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2012 Skoda Rapid review

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The new Skoda Rapid is set to take the company's value proposition to whole new levels - but is it any good to drive?

Skoda Rapid

What is it?

 

Possibly the most sensible car to be launched this year. The new Rapid slots into the Skoda range between the Fabia and Octavia – although it’s pretty much as long as the current Octavia. It looks like a saloon but it’s actually a hatchback, with a sizeable boot and a spacious cabin; power comes from a familiar range of VW group petrol and diesel engines. It’s set to be sold (in slightly different guises) in Europe, south America, China, Russia and India.

 

Although prices haven’t been officially announced yet we’re promised that it will undercut all major rivals when it goes on sale in the UK in December with lead-in pricing of around £13,000. Or, put another way, more-than-Golf space for Polo money.

 

Technical highlights?

 

You’d have to look long and hard to find anything innovative about the Rapid’s mechanical layout, which draws heavily from the VW partsbin. It’s not sitting on VW’s clever new modular ‘MQB’ platform, rather a mix of what we’re told are ‘established’ components – read Fabia and Polo parts – with McPherson struts at the front and an old-fashioned twist axle at the rear.

 

The basic engine will be a 1.2-litre three-cylinder petrol with just 73bhp and a leisurely 13.9-second 0-62mph time, above that there are two turbocharged 1.2-litre TSI fours (in 85bhp and 103bhp states of tune) and – at the top of the range – a 1.4-litre TSI with 120bhp, the only model in the launch range capable of hitting 62mph from rest in under 10 seconds (just). There are also two 1.6-litre TDI diesels for real thrill seekers. 

 

What’s really clever about the Rapid is the way it’s been engineered down to a price without feeling cheap or nasty: the cabin plastics are on a par with anything you’d find from Ford or Vauxhall and the design has a definite resemblance to the 3-series from some angles.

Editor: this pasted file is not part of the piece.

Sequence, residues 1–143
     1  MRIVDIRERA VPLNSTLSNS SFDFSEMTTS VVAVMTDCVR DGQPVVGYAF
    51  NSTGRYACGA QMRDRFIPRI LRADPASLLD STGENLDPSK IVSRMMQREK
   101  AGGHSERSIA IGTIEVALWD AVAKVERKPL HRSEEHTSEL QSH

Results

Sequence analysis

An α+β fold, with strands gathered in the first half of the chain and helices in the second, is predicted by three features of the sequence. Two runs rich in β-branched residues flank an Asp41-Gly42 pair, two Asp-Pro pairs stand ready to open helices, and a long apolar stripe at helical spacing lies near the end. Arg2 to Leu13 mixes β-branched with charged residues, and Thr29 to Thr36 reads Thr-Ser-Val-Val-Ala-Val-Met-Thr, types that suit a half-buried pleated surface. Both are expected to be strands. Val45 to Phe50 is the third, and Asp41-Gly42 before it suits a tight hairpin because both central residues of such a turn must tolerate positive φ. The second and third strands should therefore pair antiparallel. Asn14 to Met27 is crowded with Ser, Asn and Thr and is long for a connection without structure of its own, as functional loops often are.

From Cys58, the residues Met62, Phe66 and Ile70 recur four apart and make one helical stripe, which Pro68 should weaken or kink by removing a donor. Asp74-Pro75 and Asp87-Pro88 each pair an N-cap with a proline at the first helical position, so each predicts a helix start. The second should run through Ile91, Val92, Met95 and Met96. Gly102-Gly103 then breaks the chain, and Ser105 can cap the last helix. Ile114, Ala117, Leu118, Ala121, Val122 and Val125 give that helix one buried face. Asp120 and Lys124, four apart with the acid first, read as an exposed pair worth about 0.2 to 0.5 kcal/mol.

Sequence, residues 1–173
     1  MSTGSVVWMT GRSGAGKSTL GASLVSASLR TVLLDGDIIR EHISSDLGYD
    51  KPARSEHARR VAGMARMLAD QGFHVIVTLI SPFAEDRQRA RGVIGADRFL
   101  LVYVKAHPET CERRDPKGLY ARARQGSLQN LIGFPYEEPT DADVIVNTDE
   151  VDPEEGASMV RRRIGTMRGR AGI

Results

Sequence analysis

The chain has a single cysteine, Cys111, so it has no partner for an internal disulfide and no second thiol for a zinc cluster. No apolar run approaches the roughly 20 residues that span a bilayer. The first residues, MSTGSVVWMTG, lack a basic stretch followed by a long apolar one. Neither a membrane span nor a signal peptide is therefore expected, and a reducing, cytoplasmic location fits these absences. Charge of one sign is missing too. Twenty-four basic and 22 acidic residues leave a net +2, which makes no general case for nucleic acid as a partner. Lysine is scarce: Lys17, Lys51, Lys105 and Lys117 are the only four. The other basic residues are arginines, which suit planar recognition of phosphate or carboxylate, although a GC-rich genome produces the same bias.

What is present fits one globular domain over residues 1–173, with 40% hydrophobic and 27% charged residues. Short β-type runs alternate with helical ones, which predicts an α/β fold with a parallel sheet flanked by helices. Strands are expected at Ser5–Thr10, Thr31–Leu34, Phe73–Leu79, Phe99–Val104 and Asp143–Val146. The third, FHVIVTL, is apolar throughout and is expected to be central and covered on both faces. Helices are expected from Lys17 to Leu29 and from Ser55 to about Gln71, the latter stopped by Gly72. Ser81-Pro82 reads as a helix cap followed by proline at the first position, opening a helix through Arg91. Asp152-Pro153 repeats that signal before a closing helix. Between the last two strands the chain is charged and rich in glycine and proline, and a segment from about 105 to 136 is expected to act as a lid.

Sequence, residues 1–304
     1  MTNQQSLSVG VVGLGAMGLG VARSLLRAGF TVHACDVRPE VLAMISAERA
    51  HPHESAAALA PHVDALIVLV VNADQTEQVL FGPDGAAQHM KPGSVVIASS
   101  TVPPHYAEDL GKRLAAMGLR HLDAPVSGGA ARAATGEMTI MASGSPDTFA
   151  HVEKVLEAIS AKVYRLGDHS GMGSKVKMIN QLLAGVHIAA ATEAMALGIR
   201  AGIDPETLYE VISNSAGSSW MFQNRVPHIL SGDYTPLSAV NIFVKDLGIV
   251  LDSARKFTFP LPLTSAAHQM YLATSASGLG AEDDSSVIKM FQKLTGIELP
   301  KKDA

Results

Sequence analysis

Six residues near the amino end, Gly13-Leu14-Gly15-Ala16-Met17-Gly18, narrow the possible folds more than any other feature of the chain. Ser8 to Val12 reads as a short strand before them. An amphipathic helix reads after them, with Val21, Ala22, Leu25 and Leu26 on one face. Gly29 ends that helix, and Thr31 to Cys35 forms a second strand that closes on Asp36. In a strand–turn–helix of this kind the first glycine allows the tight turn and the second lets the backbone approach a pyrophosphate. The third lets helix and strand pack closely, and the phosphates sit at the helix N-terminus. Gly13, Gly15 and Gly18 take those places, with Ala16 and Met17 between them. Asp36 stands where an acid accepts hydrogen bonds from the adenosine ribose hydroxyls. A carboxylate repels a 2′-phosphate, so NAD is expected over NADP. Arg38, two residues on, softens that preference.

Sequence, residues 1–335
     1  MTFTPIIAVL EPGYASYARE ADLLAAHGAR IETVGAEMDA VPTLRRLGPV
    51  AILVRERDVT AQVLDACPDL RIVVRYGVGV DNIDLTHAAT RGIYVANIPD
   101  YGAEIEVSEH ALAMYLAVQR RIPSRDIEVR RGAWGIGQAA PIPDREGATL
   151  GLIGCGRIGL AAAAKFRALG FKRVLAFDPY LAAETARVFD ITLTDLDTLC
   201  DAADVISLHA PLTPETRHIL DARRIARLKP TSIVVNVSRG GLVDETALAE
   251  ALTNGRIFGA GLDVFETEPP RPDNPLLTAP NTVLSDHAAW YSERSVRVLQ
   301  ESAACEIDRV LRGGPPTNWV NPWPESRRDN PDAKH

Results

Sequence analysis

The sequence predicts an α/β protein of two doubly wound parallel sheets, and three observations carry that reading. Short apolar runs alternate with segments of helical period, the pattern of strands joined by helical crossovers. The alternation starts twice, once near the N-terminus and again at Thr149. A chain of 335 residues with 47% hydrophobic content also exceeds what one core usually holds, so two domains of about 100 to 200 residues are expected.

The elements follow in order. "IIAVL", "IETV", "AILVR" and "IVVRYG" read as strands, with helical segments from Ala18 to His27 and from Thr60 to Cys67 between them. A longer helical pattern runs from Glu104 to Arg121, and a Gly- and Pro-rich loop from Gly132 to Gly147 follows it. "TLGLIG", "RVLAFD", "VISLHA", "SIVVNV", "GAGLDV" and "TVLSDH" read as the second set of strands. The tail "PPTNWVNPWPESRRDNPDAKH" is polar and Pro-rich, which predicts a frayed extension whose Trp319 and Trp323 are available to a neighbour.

How does it drive?

 

We start out in the top-spec 1.4-litre TSI – which is only available with the seven-speed DSG twin-clutch gearbox. It’s a big disappointment: the engine sounds course and unrefined when worked hard and the ride has a heaving, unsettled motion that discourages fast progress. What discourages it even more is finding the first corner and discovering what can only be described as Old Testament understeer – the last car I drove that felt this attracted to the scenery was a 15-year old Ford Orion shod with £15 ‘Ditchfinders.’ 

 

Fortunately the 103bhp TSI that we also drive is far nicer. It’s 60kg lighter and it feels it, with more front end grip and a workable handling balance. On the hatchback temperature scale it’s barely tepid, but the little engine enjoys revving and delivers decent enough performance and the power steering gives a reasonable impression of when the front end is reaching its still modest limits. It rides better than the 1.4, but the simple rear axle puts an edge onto mid-corner bumps that you wouldn’t experience in something with a fully independent back end.

 

Other stuff? There’s loads of room in the back – full-sized blokes can sit behind each other – and the boot is predictably massive. This thing is going to make an awesome minicab.

 

How does it compare?

 

Until Skoda reveals the full range of pricing it’s hard to tell just where the Rapid will fit into the world, although the company assures us that it will be ‘class leading’ when It comes to cost. Seeing as the most basic Volkswagen Jetta costs £17,540 in the UK – albeit fitted with the same engine that powers the range-topping Rapid – the outline ‘£13,000-ish’ pricing suggests it will be a bit of a bargain. Standard spec will include six airbags, ESP and aircon.

 

Anything else I need to know?

 

The Rapid is long, but narrow – to help it out in developing world markets where roads are smaller and tighter. Chinese and Indian versions will be slightly different, but will share the same mechanical package.

 

There’s no official word on a vRS version, but a Skoda insider admitted it would ‘be odd’ not to have one between the Fabia vRS and the Octavia vRS. We’ll also see an estate version, and possibly a three-door coupe.

 

The next Octavia is going to be bigger, hence the Rapid being nearly the same size as the current one.

 


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evo RATING

 
[+]
Looks good, set to be well priced, 1.2 engine pulls well
[-]
Dynamically inert, poor refinement for the 1.4

evo SPECIFICATIONS

 
Engine: 1197cc four-cylinder, turbo, petrol
Max power: 103bhp @ 5000rpm
Max torque: 129 lb ft @ 1500rpm
0 - 60mph: 10.4 secs (claimed 0-62mph)
Top speed: 121mph
Price: £13,500 (est)
On Sale: December 2012

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